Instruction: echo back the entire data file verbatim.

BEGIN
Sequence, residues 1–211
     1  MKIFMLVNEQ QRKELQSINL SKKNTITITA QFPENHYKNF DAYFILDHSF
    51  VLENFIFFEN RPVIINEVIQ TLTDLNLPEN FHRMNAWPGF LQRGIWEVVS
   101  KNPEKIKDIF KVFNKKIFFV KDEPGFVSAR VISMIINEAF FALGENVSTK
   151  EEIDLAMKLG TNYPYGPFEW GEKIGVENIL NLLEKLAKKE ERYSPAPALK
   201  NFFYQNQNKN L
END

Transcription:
Sequence, residues 1–211
     1  MKIFMLVNEQ QRKELQSINL SKKNTITITA QFPENHYKNF DAYFILDHSF
    51  VLENFIFFEN RPVIINEVIQ TLTDLNLPEN FHRMNAWPGF LQRGIWEVVS
   101  KNPEKIKDIF KVFNKKIFFV KDEPGFVSAR VISMIINEAF FALGENVSTK
   151  EEIDLAMKLG TNYPYGPFEW GEKIGVENIL NLLEKLAKKE ERYSPAPALK
   201  NFFYQNQNKN L